Fearing Failure November 19, 2014 – Posted in: Confidence – Tags: bath magazine, fear, goals, Life Coach, Life Coaching, perfectionism, success
Many of the people I see in my coaching practice suffer with a fear of failure. In fact, I reckon if we all peeled back the layers of our psyche we’d likely find this fear of failure in some form or another. Fear of failure is a fear of being exposed or a fear of not being good enough. It’s also a fear of the unknown based on the belief that you ‘wouldn’t cope’ if you did fail. And, as with all psychological fear, the evidence we produce for ourselves is pretty flimsy. After all, fear is usually False Evidence Appearing Real.
So, what can we do about it?
I think the thing to remember with emotional fear or anxiety is that it is often a primitive reaction we are having to a new or a stressful situation. It is triggered by the same part of our brains that tells us to run if the house is on fire and it causes a similar biochemical reaction. However, our emotional fears need handling differently than to those fears produced when we are in physical danger. So, by all means run if the house is on fire but stop and question your belief system if your fear is based on something non-physical.
Here’s an example. I had a client who had always wanted to work for herself but had remained stuck in a job she found unsatisfying because she feared starting a business because it might fail. When challenged about this fear she listed about twenty things that ‘might happen’. These ranged from, “I might not be able to pay the bills” to “I’ve never run a business before – what if no one likes what I do?”. Of course, these are genuine concerns that need working through before taking the plunge into self-employment. A savings pot and a good business plan are great ways in which to mitigate potential pitfalls along the way. But, should these fears stop someone from doing what they really want to do? No!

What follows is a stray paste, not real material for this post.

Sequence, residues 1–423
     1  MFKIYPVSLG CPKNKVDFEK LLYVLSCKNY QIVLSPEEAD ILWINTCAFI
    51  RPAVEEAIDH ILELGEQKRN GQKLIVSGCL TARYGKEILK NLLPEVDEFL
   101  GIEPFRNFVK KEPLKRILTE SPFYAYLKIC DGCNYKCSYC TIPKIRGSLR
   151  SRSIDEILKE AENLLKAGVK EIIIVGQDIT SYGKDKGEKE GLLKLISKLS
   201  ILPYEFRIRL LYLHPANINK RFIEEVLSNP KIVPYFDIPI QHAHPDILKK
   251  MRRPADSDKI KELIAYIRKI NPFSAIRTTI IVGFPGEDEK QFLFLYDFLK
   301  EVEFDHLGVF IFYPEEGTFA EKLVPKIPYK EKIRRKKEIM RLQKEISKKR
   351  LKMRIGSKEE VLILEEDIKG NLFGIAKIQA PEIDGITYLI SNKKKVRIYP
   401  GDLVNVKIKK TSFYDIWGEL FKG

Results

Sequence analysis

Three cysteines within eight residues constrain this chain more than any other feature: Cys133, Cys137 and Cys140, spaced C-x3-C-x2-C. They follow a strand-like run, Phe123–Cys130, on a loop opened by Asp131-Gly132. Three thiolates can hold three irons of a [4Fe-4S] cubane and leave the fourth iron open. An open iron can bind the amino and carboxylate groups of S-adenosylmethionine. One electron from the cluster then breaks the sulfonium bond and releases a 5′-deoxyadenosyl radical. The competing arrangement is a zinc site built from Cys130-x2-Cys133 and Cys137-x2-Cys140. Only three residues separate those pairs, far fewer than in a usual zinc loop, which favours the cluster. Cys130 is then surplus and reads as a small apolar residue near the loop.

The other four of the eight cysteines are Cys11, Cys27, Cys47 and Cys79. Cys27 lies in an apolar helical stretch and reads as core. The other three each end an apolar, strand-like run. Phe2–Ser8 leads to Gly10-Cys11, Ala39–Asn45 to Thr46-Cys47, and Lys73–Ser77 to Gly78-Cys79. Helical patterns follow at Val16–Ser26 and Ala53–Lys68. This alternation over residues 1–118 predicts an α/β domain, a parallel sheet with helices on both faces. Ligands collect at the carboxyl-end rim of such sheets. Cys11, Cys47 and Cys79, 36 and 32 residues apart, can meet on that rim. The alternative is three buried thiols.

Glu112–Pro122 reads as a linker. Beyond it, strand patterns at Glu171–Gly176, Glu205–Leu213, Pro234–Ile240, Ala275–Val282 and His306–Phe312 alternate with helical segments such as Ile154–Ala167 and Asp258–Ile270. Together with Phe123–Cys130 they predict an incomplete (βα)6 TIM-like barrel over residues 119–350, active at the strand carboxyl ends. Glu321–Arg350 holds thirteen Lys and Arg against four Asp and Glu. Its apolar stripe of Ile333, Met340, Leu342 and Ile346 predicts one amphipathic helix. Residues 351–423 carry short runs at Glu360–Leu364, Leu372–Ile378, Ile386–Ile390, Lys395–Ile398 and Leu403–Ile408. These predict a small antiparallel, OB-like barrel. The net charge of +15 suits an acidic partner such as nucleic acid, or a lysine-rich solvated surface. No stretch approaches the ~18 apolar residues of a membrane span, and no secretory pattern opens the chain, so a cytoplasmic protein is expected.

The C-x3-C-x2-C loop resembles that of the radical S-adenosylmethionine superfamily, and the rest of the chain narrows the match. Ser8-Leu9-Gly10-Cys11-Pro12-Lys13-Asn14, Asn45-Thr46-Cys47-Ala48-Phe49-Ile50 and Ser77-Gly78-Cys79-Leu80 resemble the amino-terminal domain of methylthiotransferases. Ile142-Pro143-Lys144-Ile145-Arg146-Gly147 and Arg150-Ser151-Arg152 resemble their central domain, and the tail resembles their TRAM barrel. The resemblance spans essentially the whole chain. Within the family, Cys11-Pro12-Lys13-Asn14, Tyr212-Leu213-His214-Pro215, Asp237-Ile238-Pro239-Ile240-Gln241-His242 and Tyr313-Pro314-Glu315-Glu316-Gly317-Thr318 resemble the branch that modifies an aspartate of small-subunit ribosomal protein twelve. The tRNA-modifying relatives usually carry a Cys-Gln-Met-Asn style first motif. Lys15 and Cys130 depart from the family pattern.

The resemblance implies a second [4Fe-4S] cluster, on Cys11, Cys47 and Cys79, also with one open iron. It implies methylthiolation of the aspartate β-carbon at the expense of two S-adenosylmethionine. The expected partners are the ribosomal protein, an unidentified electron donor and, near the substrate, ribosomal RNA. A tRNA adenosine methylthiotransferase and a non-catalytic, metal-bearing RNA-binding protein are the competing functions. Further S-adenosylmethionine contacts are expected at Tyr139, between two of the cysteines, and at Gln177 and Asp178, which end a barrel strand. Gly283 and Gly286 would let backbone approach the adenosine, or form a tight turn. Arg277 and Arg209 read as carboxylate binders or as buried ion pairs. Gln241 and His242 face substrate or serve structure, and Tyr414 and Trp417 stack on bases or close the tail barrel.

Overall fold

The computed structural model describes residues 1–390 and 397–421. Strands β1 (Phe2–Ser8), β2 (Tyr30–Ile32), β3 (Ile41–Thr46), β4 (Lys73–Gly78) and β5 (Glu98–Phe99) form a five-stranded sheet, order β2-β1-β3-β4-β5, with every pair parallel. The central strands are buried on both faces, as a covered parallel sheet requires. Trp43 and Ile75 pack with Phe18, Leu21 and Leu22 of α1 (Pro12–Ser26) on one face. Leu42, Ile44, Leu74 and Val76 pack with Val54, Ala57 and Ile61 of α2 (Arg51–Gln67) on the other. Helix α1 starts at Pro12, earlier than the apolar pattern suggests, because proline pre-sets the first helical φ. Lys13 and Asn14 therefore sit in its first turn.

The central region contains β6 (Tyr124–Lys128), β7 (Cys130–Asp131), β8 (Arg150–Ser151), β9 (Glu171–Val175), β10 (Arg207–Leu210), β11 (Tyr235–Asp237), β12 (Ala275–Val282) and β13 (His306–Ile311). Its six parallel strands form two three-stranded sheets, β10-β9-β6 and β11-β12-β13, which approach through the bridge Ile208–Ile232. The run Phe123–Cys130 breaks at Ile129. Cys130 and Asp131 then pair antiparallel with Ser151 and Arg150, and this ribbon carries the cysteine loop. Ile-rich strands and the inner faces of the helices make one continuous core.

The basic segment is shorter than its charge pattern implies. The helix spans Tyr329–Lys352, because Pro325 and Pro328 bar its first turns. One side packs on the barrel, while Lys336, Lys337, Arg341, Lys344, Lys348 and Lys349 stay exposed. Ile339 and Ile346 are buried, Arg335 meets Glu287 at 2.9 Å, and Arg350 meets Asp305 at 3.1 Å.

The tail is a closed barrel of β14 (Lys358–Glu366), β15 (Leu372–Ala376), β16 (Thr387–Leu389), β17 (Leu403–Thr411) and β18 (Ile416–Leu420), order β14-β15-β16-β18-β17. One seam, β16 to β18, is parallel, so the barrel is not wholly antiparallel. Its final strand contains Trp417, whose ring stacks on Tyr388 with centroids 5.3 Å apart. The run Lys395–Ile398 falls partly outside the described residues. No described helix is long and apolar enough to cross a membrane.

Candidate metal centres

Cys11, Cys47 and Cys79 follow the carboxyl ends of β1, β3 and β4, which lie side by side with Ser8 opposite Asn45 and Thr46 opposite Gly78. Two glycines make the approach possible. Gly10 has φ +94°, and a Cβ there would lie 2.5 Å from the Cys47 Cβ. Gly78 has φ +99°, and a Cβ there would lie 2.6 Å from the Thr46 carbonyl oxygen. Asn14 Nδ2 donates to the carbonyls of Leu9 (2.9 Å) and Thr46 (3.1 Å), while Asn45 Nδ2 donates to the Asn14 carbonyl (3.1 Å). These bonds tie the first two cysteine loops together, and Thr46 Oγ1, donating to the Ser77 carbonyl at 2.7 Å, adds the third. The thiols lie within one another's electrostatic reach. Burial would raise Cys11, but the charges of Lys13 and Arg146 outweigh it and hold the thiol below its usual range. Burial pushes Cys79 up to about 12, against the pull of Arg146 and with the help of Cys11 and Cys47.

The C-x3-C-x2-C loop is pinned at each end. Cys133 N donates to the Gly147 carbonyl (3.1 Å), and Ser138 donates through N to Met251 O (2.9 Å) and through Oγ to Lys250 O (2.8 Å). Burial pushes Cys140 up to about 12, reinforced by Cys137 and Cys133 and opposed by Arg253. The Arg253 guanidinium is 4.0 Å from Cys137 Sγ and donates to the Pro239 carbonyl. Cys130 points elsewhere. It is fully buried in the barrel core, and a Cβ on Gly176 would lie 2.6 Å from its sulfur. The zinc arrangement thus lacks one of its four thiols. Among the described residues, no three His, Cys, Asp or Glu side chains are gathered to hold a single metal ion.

My client’s deepest fear was what her father would think of her if she failed. He had instilled a deep fear of financial insecurity into her, which she realised had served her thus far but was now holding her back. She is, after all, not her father. If he chooses to be ruled by financial insecurity then that is absolutely his right. But she doesn’t have to follow suit. In fact, allowing herself the opportunity to ‘fail’ enabled her to take risks and engage in the thrill of building her own business.
Does she have financial security? No, not yet. Is she free and living life on her own terms? Yes! Is she happier and less afraid? Totally.
Now, that’s what I call living!
This blog post first appeared as an article in my Life Column in The Bath Magazine.